Review: Guy’s Read: Other Worlds edited by Jon Scieszka
Guys Read: Other Worlds edited by Jon Scieszka (Walden Pond Press, September 2013)
This is Jon Scieszka’s fourth installment of the Guys Read anthologies Like each anthology in this series, the target is middle grade male readers. These anthologies make no bones about the fact that they are designed with boys in mind. Each installment has taken a specific genre, or sub-genre as it’s theme and featured stories by some of the top authors writing for kids and young adults today centered around that theme. This fourth collection tackles the genres of science fiction and fantasy . . . with very mixed results.
Okay, I admit it. When it comes to anthologies, I can be exceedingly critical . I’m going to be looking not just how good the stories are, but how well they meet the theme, what audience they’re intended for, and how the collection flows from story to story. If you want the skinny on how I feel about anthologies see my post here. So (cracking my knuckles and putting on my reviewer armor), let’s take a look at this collection.
It starts out with a foreword by the editor, Jon Scieszka that does it’s best to intrigue the audience, give hints at the stories in the anthology, discuss the power of science fiction and fantasy and pay a little honor to the late Ray Bradbury. It’s a touching introduction to the entire anthology. And it got to me–I remember when Ray Bradbury passed away (I was at Book Expo), and it was heartening to see that others valued his work and mourned the loss of one of the greats. The reader feels that the editor really gets it, the love of the genre and the power of the stories. It’s a good intro.
1. “Percy Jackson and the Singer of Apollo” by Rick Riordan–For fans of Riordan’s Olympians series, they’ll be happy to see their favorite characters back in a funny and frantic adventure that takes Percy and Grover into Times Square on a quest. It’s a fine enough story to be entertaining, though I didn’t find it to be Riordan’s best work. This is pure urban fantasy, which can be said to fit the theme. It’s also definitely boy friendly and made for a middle grade audience. I do have an issue with the fact that the title of this anthology is “other worlds” while this story pretty much is set in the heart of New York City. It can be argued that it’s a different version of NYC than the one we all know . . . but still.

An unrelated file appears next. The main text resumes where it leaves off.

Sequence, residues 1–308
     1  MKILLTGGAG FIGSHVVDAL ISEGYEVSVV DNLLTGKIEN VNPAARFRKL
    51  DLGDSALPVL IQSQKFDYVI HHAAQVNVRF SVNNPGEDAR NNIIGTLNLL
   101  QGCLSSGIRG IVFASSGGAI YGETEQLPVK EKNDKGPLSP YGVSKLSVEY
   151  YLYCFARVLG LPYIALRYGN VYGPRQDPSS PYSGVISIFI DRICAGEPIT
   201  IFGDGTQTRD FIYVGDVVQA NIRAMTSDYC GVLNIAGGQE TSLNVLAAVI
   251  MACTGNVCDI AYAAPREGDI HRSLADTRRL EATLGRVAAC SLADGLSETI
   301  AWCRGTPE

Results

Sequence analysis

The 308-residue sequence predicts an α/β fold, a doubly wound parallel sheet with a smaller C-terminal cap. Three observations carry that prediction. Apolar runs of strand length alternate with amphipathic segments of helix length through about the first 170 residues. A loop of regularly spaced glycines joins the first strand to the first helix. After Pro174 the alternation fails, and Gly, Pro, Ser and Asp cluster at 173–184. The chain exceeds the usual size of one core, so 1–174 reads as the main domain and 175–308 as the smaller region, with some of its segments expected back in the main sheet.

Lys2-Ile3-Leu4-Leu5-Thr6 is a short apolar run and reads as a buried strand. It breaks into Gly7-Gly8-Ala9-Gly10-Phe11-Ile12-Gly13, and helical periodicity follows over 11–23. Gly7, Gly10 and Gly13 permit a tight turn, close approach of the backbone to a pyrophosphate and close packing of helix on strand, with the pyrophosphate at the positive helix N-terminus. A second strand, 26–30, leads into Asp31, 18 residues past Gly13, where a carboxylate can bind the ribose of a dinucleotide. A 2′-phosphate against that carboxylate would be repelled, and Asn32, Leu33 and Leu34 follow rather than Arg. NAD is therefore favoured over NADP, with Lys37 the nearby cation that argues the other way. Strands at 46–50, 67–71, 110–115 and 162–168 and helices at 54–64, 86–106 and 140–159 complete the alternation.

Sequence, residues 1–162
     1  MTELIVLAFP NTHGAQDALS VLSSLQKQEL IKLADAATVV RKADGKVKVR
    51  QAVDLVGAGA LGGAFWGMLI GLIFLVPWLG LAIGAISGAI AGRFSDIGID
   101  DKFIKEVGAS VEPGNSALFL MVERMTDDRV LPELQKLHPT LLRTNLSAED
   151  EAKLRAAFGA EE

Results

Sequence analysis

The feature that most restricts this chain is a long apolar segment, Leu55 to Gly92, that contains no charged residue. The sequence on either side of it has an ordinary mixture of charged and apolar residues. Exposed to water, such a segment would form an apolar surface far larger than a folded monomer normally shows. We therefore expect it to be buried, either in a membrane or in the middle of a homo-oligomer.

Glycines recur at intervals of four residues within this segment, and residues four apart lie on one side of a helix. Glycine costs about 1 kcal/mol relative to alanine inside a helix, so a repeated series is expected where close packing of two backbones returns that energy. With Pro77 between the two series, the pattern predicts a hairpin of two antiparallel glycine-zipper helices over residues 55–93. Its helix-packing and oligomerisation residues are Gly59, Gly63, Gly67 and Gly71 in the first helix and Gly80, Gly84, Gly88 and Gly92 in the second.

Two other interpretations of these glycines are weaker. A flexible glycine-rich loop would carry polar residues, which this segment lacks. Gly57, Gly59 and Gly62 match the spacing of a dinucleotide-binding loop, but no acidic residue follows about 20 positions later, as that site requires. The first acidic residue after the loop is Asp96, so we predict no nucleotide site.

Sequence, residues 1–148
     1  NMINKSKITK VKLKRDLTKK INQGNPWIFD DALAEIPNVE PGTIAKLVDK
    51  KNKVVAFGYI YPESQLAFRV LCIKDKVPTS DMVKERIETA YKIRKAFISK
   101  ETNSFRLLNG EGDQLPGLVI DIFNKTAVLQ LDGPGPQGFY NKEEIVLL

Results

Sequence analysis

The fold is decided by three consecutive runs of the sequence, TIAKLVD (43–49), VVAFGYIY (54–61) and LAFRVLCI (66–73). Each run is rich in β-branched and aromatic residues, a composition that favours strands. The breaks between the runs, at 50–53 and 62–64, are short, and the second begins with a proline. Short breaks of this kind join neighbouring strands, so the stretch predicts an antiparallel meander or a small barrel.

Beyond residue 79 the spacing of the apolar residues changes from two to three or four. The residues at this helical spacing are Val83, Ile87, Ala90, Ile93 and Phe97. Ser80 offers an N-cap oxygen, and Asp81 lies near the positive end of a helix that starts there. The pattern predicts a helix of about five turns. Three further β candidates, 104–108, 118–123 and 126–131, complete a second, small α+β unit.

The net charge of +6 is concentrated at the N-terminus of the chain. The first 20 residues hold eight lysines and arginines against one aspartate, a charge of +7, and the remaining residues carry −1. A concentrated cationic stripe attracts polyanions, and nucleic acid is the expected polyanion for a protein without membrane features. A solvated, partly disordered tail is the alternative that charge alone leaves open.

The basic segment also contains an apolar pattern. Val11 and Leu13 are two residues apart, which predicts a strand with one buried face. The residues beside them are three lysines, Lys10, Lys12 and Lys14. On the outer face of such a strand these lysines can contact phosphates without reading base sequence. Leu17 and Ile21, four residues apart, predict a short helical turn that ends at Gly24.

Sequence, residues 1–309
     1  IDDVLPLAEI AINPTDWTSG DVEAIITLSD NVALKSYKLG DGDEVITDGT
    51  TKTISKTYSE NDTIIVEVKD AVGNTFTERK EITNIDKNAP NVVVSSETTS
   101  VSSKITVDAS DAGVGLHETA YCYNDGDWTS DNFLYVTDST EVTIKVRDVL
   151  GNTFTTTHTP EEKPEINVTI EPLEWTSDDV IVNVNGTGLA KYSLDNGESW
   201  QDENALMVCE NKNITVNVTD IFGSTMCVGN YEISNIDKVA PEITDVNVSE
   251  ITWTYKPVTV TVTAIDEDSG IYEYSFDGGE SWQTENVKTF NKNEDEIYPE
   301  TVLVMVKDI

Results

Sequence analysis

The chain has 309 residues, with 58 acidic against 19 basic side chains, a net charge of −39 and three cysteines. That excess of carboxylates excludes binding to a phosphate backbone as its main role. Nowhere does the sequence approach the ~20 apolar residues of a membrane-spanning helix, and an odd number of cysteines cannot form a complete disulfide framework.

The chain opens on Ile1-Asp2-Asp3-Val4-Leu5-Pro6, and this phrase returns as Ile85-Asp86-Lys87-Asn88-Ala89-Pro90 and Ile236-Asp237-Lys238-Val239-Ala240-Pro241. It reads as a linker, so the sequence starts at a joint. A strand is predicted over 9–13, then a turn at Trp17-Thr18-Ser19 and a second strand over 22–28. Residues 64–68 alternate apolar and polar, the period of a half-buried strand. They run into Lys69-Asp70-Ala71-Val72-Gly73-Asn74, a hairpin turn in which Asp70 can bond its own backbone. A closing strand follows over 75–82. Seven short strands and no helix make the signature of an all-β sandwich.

My bigger bone to pick is the placement of this story. This is not Riordan’s best work by any means. It’s meant for fans. And honestly, fans will read this story if it’s at the front, middle or end of the book. I can’t help but think it was misplaced by being the kickoff. In my experience, you don’t lead with one of the big fan-base authors. You put them somewhere in the middle, probably closer to the end. Their story is your “ace” story. Fans might just read through all the other short stories to get to the one by their favorite author. But if it’s up front, the fan base is more likely to read the first story and ignore the rest of the anthology. It’s also not a great kickoff story for non-fans of Riordan. No matter how much explanation is put in, it’s very clear that this is a story set in a well established universe of characters that others have read about and that makes it less desirable as the kickoff piece to set the tone.
2″.Bouncing the Grinning Goat” by Shannon Hale--I confess I had to double check the book I was reading when I encountered this story. It’s a nice female sword and sorcery piece about a young girl who runs away with her brother’s armor and takes on the position of bouncer at a tavern. But it feels entirely out of place in this anthology. While it’s not impossible that boys will enjoy a story with a female protagonist, when it’s an anthology expressly for boys, you kind of expect there to be a male protagonist. Hale’s story would be just fine in an anthology on warriors, or young heroes and heroines, etc. But as the second story in a Guys Read anthology? I’m just baffled why it wasn’t possible to get a fantasy adventure tale with a boy as the main character. And this is where theme gets in the way of a good story. While this epic sword and sorcery fantasy story meets the “Other Worlds” criteria, it just doesn’t seem in keeping with the “guys read” theme or expected audience.
But if we ignore all that and simply accept it as very enjoyable fantasy story from a talented writer, it is still the second story, which means it should be markedly different from the previous story in a way that starts to demonstrate the range of the anthology. BUT these first two stories are both fantasy tales– pretty much the only fantasy stories in the entire anthology. Putting them back to back seems like a misstep. Better to seed one of the fantasy pieces further into the mix. Why not have the second lead in be a science fiction piece?
3. “The Scout” by D. J. MacHale — Here’s our first solid, thought-provoking science fiction piece. One tough boy makes it through a round of struggles against nature and machine to discover some startling truths about where he is and what is happening . It’s a serious piece that has a complex character and a determined ending. Good science fiction, though I think the entire story went on a bit longer than it needed to. That said, it’s not a bad addition to this anthology. It’s a fairly mature science fiction piece, but should be accessible to the sophisticated middle grade reader. It easily fits the Other Worlds theme.
The problem, again, is placement. This is the longest story in the entire anthology other than the Ray Bradbury story at the end. It’s over 50 pages long, which is a lot for any short story. If the idea of anthology is to pull readers in, this is not the way to do it. Especially since this is the first science fiction piece in the collection.